However, at the end of the day, the macros are important up to a point but we are more focused on corporate earnings. From a corporate earnings perspective, while the short term obviously looks very unclear because of demonetisation, but as we look into next year, it is quite clear to us also that the base effect will start playing through. Now, you are absolutely right that this is not play through for the last four or five years, but we have reached a point where a lot of cleaning up in banks has happened.

We have actually calculated, if next year more or less assumptions are for about a 20 percent earnings growth, around 70 percent of that 20 percent earnings growth will probably come from about 30 percent of the stocks which is about nine stocks in the Sensex and most of them are banks just reverting back to normal profitability of two years ago and to some extent some global cyclicals like Tata Motors and Tata Steel.

So, just a mean reversion itself will give you a 20 percent growth in one of these years, whether it is 2018 or slips a bit into 2019, we are not sure, but it is coming. Therefore, as you spend more time in the market, the probability of the market going higher starts increasing as the earnings growth comes through.

Sonia: Let us talk about the Budget. We have started this new segment asking all our experts if they were Finance Minister for a day, what would they do. If you were Finance Minister on Budget day, what would you do to tackle demonetisation on one hand and to meet the fiscal deficit target on the other?

A: There is so much, it is not the most envious position to be in frankly, but I think a lot of people are looking forward obviously to some level of tax reform. That is pretty much now a given in terms of expectations. It is very clear that higher taxes aren’t pulling in the numbers; it is very evident. So, hopefully while we are doing a reform of the entire system including GST, we might as well do a reform of income taxes as well. So, we are hoping for that.

I think we would also like to see little more clarity on the whole disinvestment program because that is a big gap relative to what the government should have achieved. So, next year will be pretty important. They have already indicated that they are open to strategic disinvestments, so, that will be another important factor to look forward to. The rest of it is more just oriented around government spending and I don’t think there is a challenge with the ability to spend, the issue is executing that spending. I think that is the bigger challenge.

So, we would like to see how programs are put in place for the government to start spending more to kick start the economy. So, those are some of the aspects I think that will be important in the Budget and I guess the FM hopefully is focused.

Latha: Rephrase it for us, if I were a Finance Minister I would?

A: I would cut taxes; I would spend all the things that market would want to hear typically, but logically within the constraints of the Budget. So, it is quite commendable that they have stayed within the fiscal deficit, but we definitely need the government to actually exercise its view of less government in business and actually implement some more strategic disinvestments or just raise more money to support a lot of the spending that they are planning to do.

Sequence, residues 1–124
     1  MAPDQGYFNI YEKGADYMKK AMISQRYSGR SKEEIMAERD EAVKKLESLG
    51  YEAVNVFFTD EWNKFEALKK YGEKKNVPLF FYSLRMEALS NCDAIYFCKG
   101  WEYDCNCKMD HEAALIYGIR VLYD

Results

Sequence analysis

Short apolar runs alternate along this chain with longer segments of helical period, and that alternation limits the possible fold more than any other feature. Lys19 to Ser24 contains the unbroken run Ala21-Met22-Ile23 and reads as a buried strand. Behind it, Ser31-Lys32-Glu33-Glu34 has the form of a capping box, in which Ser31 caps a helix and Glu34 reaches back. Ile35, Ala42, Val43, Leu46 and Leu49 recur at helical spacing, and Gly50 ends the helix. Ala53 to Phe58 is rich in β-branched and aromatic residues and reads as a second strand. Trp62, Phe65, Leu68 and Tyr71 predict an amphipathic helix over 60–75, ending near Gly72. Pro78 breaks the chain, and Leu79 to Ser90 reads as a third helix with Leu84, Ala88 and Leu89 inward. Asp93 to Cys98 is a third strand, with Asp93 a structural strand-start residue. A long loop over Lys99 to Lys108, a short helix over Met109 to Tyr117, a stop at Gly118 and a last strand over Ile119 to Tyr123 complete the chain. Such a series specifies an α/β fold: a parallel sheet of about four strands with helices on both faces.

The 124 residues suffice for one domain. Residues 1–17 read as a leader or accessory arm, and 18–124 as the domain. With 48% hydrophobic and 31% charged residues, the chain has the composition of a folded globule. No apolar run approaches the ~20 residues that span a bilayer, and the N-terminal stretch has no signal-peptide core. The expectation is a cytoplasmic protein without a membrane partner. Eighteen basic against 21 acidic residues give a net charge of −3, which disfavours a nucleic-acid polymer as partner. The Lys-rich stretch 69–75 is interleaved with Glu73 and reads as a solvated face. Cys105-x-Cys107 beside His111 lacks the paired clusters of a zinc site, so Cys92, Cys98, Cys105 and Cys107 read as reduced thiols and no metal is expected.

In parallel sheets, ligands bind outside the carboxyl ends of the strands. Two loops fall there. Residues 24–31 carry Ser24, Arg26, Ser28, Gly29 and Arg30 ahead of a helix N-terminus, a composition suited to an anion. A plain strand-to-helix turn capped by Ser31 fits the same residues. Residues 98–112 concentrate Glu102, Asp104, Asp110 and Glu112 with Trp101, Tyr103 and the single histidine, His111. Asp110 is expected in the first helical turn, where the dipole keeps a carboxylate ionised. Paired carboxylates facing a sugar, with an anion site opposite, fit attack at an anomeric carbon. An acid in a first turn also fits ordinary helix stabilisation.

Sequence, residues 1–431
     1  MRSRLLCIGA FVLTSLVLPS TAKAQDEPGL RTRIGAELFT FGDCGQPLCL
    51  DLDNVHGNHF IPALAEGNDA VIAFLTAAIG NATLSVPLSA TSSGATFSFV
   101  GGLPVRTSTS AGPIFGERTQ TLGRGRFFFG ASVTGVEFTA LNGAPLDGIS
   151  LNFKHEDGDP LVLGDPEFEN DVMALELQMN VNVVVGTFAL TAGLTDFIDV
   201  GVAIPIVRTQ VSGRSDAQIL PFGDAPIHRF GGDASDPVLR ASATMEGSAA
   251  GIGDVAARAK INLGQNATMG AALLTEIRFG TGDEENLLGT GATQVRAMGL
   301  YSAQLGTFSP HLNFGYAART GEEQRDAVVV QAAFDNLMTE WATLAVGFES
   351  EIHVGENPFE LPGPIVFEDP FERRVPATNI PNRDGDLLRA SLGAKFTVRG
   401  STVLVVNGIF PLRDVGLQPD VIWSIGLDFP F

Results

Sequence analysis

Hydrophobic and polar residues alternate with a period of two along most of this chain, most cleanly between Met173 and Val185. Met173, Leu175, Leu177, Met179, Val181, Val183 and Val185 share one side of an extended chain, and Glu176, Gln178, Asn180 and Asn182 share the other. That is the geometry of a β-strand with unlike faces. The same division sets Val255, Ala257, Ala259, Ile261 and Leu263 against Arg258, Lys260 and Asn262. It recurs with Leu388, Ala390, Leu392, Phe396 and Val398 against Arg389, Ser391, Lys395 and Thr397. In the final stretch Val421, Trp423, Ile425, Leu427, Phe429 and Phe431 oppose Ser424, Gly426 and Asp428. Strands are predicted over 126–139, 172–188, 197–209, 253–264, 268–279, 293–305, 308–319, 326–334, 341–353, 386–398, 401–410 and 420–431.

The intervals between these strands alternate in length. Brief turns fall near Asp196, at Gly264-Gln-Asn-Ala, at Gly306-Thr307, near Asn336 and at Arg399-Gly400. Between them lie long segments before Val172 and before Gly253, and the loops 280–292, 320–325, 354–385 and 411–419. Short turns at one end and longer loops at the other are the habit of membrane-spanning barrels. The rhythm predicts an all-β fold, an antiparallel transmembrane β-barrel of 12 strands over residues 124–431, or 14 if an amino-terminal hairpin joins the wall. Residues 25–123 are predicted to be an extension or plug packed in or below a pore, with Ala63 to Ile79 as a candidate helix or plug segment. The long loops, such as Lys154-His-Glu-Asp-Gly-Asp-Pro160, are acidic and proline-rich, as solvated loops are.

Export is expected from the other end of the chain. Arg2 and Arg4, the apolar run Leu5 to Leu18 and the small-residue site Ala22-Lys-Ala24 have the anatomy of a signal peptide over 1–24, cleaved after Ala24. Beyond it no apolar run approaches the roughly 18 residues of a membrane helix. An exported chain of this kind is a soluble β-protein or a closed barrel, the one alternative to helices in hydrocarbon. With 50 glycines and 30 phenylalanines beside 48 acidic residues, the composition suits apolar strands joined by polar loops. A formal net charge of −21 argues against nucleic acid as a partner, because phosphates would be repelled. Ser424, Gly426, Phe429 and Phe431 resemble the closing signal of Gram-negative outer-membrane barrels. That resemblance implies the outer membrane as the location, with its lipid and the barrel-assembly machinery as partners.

Anuj: Apart from the FII selling the other problem for this market has been that there has been no leadership. There were two leaders of the last bull market for six or seven months, banks and consumption, and we saw both of them suffering quite a bit. If we have a start of a new bull market in 2017 at some point, what do you think could assume leadership?

A: Banks would have to play a role because they are one fourth of the market. So, it is quite unlikely you will have a strong move without the banks being involved. So, that is clearly one area.

We are hoping that some of the smaller sectors also will participate. It has to be a more broad based type of move; it can’t be just one sector dominating in this scenario. So, we are quite bullish on the energy space, we are quite positive that pharmaceutical will recover at some point in time. So, there are certain sub sectors, they may not add up too much, these two together make up another 20 percent of the index, but my sense is it will be a little more bottom up and more broad based depending on where the earnings are coming through.

So, banks will have to be an integral part of any future rally that comes through just given their weight. It is still a long term good place to be; there are short term challenges, we didn’t clearly like what they have done in terms of rate cut recently. To our mind it didn’t really add up, but apart from the short term challenges eventually it is quite clear that banks are going to be an important part of the next rally as well.